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Dances for a Small Stage’s Julie-Anne Saroyan

Burlesque Dancer Burgundy Brixx

Burlesque Dancer Burgundy Brixx

Interview – Julie-anne Saroyan, Dances for a Small Stage 24 curator

– by Zoe Grams

In its 24th edition, the lauded series Dances for a Small Stage shines a light on society’s problems and complacency, while providing solace in creativity and humour.

Taking inspiration from the Weimar cabaret of the politically fraught pre-WWII Germany, seven short performances explore the theme of taboo and complacency under duress. These big ideas will take place on a small stage, just 10-by-13 foot in size, at the Legion on Commercial Drive, Aug 10 – 12.

Mixing provocation and beauty can be a difficult task, but Dances for a Small Stage has always been a careful balancing act, combining performers of wildly varying genres to create a cohesive show. On the bill this time are Mark Berube, Jim Hibbard, Edmond Kilpatrick, Caroline Liffman, Lina Fitzner, Shannon Moreno, Burgundy Brixx and Now or Never, performing pieces ranging from dance-theatre to contemporary, tap to hip hop to burlesque.

We spoke to Dances for a Small Stage 24 curator, and MovEnt Artistic Producer, Julie-anne Saroyan, about the show’s ambitious purpose, and got a behind-the-scenes peek at what to expect from some pieces.

Leon who will be performing in Edmond Kilpatrick’s piece about the riots

Zoe Grams: This is just the second time you’ve chosen a theme for the performances. Why did you decide to continue using themes, and what made you choose this one?

Julie-anne Saroyan: It was partly based on the success of the last show. I feel like audiences like that direction but that the artists also like these task-orientated things. It’s really something the artists take as a challenge and really reinterpret.

For this show in particular, I started being fascinated by cabaret about a year ago. I was fascinated by how artists used the platform to make social commentary, so I was hoping the artists would do something similar and really run with it. Burgundy Brixx and Edmond Kilpatrick really rose to the challenge.

ZG: In describing the show, you mentioned challenging times when “great thinkers are noxiously ambushed on live TV.” Was the theme, and this statement, a direct response to Krista Erickson’s incendiary interview with Margie Gillis?

Watch – Sun News’ Krista Erickson’s interview with Margie Gillis (pt. I):

JS: That’s an interesting question. I got on the cabaret tangent and then this happened with Margie. That was the epitome of criticism, the epitome of “Are you kidding me?” A highly respected artist in the community criticized by some little girl. I mean, it’s easy to justify why afterwards, but this all came together exactly the way I envisioned. The artist’s job is to comment on society; it’s a privilege to be able to do that.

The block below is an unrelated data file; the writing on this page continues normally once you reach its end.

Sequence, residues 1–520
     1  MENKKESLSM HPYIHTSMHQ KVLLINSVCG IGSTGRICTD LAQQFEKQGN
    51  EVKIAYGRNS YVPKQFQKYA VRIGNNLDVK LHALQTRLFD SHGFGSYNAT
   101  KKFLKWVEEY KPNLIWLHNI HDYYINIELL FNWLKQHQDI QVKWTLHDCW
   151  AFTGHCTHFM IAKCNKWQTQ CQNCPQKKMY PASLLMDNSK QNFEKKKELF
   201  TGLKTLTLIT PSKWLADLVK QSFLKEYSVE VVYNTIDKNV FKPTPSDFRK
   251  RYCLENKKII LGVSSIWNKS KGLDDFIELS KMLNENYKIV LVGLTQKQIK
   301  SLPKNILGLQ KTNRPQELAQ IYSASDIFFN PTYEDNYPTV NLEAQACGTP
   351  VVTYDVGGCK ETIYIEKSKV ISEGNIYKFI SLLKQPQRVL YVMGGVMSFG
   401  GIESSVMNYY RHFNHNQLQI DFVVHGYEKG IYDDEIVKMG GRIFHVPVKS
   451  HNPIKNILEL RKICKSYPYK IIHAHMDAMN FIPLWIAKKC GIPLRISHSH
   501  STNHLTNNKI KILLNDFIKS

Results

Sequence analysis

ZG: One artist in Dances for a Small Stage 23 asked whether they could use live pigeons in the Legion. Are there any surprises in this show?

JS: Yes! One of the pieces, actually – by Burgundy Brixx – is taking an incredible, brave risk. She’s doing two pieces, and one of them is straight-up burlesque. The second piece is about the Picton women… I find it extremely powerful. She’s doing a work that steps outside of her comfort zone as a burlesque artist. Now there’s a level of politics in this show that I wasn’t anticipating.

Edmond Riot Dance

Another photo of Kilpatrick’s riots piece.

ZG: Tell us about the hip hop troop in this edition.

JS: We’ve done hip hop a few times. In Janet Smith’s review in the Georgia Straight for Dances 23, she kind of asked, “What is dance anyway? What is the development of dance?” I feel this show is the development of dance. This is the show that has hip hop, and ballerinas, and a burlesque artist. At rehearsal today, all these people were commenting on each other’s work, and that’s really exciting to me. It’s generational.

ZG: In all Dances for a Small Stage, there are different genres, different performers, different styles, yet overall it feels like one very cohesive piece. What do you do to achieve this?

JS: I have a level of trust with each of the artists. I work on a lot of instinct and I think about my dad – how my dad watches things. He’s a retired machinist; he’s not an artist. I feel like I’m creating work for people, and I focus on that while I’m watching a piece and also asking questions of the artist. I’m defining an entry point for the audience.

The program order is also extremely important – the ebbs and flows of the evening. It can really kill a show, not thinking about that or leaving it to chance. There’s certainly no formula to it – how you want to start a show, where you want to be at intermission, how you want to end the show. It’s my job to make sure the audience travels. The journey of the evening is really important.

ZG: What should people watch for in the show?

JS: I think they should watch out for hidden meanings in the show, and challenge themselves to think outside the box. What is dance, anyway? I want them to walk away with that.

Dances for a Small Stage 24 info:

Dances for a Small Stage 24 – August 10,11 and 12, 2011

The Legion on the Drive, 2205 Commercial Drive

Tickets $20, Cash at the door, 19+ admitted.

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